Rep. Kathleen RiceKathleen Maura RiceNew York Rep. Maloney endorses Gillibrand for president Hispanic Dems ask for multi-agency meeting on family separations The Hill's 12:30 Report: O'Rourke jumps into 2020 fray MORE (D-N.Y.) pushed Nielsen on her role in family separations, asking whether she had agreed to use separations as a deterrent, rather than just a consequence of the Justice Department "zero tolerance" policy.

Nielsen refused to answer directly but said she “concurred with their assessment on what to do to increase consequences for those crossing the border illegally.”

Under the zero tolerance policy, all adults who crossed the border for the first time were referred to the Justice Department for prosecution, mandating the separation of parents and children traveling together.

GOP presses need for increased border security

Nielsen’s appearance took place in the shadow of a debate over Trump’s emergency declaration, which the Senate appears ready to block.

That will set up a veto by Trump, and it does not appear the votes are there to override the president in the House.

Republicans at the hearing underscored the need for Trump’s action give the state of the border, with one lawmaker making a comparison to D-Day.

“73,000 American troops landed in the D-Day invasion,” said Rep. Clay HigginsGlen (Clay) Clay HigginsNielsen testifies: Five things you need to know GOP lawmaker compares illegal immigration to D-Day invasion Congressional aide arrested on pandering charges tied to prostitution raid MORE (R-La.). “We have 76,103, according to my numbers, apprehensions along our southern border last month. We have D-Day every month on our southern border.”

Higgins and other Republicans repeatedly said the border could not be protected with technology and personnel alone and that barriers were needed.

“Can you just take one of those away?” Rep. Dan CrenshawDaniel CrenshawTrump keeps up attacks on 'horrible' McCain, despite calls from GOP, vets Crenshaw to Trump: 'Stop talking about McCain' GOP lawmaker defends Chelsea Clinton after confrontation over New Zealand attacks MORE (R-Texas) asked at one point.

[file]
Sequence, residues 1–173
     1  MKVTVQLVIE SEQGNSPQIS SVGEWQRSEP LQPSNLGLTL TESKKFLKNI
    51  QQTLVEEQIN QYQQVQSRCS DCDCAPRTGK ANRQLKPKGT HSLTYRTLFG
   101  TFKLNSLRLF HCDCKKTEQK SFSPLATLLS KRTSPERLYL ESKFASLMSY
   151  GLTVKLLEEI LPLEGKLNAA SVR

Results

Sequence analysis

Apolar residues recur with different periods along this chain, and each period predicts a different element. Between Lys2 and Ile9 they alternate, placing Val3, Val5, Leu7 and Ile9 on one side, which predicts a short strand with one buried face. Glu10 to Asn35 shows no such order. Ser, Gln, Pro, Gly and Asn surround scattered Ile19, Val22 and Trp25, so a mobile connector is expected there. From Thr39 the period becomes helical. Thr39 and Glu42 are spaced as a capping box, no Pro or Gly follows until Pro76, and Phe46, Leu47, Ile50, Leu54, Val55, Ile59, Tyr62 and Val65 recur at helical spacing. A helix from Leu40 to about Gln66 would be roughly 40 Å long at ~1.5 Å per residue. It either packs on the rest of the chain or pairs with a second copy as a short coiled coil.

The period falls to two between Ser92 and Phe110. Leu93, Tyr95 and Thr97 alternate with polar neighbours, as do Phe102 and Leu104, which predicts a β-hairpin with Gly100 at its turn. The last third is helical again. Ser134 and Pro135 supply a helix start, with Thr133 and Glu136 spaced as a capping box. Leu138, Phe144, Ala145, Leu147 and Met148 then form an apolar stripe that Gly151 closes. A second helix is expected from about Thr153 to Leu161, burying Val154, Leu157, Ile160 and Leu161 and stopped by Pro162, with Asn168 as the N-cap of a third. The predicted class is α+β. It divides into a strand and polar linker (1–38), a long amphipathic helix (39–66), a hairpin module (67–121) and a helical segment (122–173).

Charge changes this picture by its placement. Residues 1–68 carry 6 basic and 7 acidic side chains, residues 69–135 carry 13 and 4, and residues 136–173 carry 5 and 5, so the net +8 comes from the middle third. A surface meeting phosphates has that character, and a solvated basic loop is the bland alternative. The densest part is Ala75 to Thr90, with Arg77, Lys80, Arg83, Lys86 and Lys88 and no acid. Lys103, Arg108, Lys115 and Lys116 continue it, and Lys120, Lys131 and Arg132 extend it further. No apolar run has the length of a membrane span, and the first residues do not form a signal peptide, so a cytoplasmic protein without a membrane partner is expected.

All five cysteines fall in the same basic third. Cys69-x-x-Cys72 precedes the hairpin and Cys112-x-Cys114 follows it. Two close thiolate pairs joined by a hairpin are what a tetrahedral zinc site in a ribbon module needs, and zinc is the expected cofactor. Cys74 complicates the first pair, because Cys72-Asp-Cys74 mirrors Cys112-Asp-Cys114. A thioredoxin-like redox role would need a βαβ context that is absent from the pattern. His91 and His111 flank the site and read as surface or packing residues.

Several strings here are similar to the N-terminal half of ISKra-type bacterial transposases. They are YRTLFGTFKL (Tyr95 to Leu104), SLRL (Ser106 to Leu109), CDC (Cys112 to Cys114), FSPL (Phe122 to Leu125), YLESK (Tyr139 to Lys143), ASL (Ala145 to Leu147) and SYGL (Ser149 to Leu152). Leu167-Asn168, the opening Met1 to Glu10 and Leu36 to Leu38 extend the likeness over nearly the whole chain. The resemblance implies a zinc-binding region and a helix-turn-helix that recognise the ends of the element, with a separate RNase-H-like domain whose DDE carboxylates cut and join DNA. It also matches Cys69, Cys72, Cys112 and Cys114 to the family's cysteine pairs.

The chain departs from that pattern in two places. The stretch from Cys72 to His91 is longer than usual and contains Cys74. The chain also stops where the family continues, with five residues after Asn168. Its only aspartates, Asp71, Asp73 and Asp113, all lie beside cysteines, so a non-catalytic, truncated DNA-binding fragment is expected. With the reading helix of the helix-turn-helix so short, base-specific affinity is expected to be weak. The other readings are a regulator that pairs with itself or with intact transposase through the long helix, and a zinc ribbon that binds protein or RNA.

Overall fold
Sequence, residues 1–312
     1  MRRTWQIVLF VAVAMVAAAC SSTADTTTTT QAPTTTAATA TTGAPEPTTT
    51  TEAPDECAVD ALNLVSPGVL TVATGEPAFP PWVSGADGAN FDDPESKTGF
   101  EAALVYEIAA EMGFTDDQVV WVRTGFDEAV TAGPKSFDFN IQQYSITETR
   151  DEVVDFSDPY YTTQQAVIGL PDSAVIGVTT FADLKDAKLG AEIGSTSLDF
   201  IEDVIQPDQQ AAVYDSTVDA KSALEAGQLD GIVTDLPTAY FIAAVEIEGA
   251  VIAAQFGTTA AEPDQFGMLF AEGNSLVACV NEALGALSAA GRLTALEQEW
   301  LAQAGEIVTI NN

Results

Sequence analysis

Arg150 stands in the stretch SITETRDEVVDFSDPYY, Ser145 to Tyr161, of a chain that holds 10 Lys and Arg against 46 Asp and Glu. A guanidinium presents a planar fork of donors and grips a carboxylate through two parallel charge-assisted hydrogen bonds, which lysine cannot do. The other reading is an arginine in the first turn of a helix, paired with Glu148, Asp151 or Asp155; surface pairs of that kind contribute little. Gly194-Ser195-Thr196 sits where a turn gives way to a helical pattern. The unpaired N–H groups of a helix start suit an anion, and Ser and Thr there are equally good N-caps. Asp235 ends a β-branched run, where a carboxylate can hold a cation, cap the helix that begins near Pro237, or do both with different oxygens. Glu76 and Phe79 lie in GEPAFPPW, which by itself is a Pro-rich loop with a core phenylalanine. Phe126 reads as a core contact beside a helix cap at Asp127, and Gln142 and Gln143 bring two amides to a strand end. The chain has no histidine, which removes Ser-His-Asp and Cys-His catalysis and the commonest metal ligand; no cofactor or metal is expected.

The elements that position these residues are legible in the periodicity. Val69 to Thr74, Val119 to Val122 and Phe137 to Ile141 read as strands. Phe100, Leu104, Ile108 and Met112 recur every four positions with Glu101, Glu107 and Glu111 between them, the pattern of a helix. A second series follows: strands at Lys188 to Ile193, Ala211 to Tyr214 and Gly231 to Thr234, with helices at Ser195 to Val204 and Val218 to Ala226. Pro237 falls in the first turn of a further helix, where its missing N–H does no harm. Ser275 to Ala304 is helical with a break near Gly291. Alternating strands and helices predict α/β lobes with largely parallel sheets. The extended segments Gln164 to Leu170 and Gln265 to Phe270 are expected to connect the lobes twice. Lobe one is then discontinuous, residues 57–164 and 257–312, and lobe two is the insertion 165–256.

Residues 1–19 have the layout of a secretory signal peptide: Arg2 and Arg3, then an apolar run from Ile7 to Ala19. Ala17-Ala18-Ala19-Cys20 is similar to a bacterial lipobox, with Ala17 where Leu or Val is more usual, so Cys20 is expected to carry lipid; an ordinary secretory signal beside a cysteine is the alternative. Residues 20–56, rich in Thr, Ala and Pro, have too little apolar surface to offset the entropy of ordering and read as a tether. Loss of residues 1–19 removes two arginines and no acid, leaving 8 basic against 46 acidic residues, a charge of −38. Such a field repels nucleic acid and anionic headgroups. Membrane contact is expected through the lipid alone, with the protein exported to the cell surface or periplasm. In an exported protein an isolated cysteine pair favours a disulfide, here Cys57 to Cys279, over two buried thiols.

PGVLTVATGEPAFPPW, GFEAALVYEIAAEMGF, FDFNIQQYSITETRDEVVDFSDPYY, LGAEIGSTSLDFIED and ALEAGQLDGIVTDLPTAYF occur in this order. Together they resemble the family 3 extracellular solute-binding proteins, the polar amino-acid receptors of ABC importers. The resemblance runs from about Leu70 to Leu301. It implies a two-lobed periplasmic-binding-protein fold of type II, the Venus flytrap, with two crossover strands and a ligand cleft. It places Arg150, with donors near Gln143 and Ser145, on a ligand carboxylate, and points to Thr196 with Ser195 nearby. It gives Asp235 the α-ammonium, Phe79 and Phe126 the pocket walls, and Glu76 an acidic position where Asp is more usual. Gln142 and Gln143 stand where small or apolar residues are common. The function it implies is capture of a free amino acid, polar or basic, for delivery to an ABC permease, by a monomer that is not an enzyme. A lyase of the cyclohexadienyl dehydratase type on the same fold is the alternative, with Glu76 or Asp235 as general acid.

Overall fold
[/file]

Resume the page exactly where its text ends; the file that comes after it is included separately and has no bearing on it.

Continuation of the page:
“No, sir,” Nielsen replied.

She later said the agency was on pace to apprehend more than 900,000 undocumented immigrants this year.

Dem blasts Nielsen over asylum laws

The most contentious exchange came when Rep. Nanette Diaz Barragán (D-Calif.) asked Nielsen whether asylum-seekers were ever turned away from ports of entry by Customs and Border Protection agents, which would be illegal under asylum laws.

“They are not turned away,” Nielsen said.

“Let me tell you, madam secretary, either you are lying to this committee or you don't know what's happening at the border,” Barragán replied, brushing aside Nielsen's attempts to respond.

“You said that you waited to give direction on the family separation policy because you wanted to do it with compassion. Do you know how outrageous that sounds?" asked Barragán, without waiting for a response from Nielsen.

Immigration activists flock to Congress 

A large number of immigration activists were at the Capitol Wednesday protesting everything from family separations to a failure to legislate a path to citizenship for "Dreamers" — people who were brought to the United States illegally or stayed illegally as children.

A coalition of groups supporting Dreamers — undocumented immigrants who arrived in the country as children — and Temporary Protected Status (TPS) beneficiaries met with Congressional Hispanic Caucus members before the hearing.

Under TPS, nationals of foreign countries undergoing man-made or natural disasters are allowed to live and work in the United States. The Trump administration has worked to eliminate as many countries from TPS as possible, but its efforts have been slowed down in the courts.

Assistant Speaker Rep. Ben Ray Luján (D-N.M.) complimented the administration for following a court order to maintain TPS benefits until the courts emit their final sentences.

“It shows that we can get work done together,” he said.

Most Democrats were not as complimentary.

“Unfortunately, Secretary Nielsen has not acted in the best faith in the past when she's testified in front of Congress or even in her meetings with the Congressional Hispanic Caucus,” said Rep. Joaquin CastroJoaquin CastroJulian Castro hints at brother Joaquin's Senate run Dems prepare next steps after Trump's veto Joaquin Castro closing in on 2020 Senate bid: report MORE (D-Texas), the group’s chairman.